3. Amy says:

    Dear 3 circles…

    My turn to say wow.

    Wow! so many topics and issues covered in a relatively short comment. I would love to address them all at once and today. A fun challenge indeed. But…

    It’s December the 21st and my heart has been steadfastly preparing for Christmas throughout Advent. I sense the Lord saying to me that these next four days are meant to be spent with Him and my family and not on my computer. So, even though I’d love to sit down and spend time writing, I need to respond with obedience to the leading of my Lord and focus on my family and the upcoming celebration of His incarnation here on earth.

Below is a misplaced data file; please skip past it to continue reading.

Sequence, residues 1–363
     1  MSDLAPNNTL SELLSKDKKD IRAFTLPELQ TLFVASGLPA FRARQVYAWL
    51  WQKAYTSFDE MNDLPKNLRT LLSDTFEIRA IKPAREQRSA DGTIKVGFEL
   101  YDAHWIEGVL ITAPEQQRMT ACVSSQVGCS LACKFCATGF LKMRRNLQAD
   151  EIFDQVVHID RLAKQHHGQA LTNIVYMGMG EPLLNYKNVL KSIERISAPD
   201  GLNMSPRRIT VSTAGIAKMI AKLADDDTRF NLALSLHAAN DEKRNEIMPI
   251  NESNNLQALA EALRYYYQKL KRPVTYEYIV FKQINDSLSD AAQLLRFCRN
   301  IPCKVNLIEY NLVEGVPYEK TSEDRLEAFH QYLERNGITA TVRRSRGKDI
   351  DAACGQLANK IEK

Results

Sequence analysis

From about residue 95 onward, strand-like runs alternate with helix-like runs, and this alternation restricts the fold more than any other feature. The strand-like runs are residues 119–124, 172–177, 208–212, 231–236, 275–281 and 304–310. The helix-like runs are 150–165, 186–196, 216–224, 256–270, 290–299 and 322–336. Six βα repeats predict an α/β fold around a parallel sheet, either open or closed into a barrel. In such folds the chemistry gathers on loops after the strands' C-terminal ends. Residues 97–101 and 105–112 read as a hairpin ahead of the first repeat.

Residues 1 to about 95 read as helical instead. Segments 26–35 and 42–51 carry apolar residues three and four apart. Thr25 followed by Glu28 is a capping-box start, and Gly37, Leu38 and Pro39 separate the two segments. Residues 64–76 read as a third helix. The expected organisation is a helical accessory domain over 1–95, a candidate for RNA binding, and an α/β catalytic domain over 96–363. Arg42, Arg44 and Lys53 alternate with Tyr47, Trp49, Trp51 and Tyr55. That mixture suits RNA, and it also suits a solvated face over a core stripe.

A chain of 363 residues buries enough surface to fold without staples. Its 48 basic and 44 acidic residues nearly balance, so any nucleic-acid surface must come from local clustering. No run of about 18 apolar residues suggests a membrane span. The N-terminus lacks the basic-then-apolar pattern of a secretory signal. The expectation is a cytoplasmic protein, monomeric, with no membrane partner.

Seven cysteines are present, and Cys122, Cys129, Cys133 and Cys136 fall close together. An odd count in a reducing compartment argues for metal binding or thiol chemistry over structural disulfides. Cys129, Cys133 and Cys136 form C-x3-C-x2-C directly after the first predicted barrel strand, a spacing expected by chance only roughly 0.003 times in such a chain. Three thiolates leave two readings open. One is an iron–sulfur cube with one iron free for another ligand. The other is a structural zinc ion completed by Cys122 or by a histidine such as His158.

While you and I may not agree on several things I bet we can agree upon this: God’s grace has been poured out on us through the precious gift of the incarnation of Christ and the gift of the cross. And the Father, the Son and the Holy Spirit, deserve our continual praise for this gift.

    That being said, I will take time to address the issues you raised in your comment (that is if you are interested in my answers :-). But, it will have to wait until after Christmas.

    Thank you for praying that the Lord has mercy on me. I need His mercy and grace daily and gladly receive the news that you are praying for my soul.

    I will say a prayer for you at Mass today that you have a blessed holiday season with your family.

    I look forward to the challenge of responding to your comment. Thanks for dropping by.

    Amy

  4. Amy says:

    Dear “3 circlescommunity:”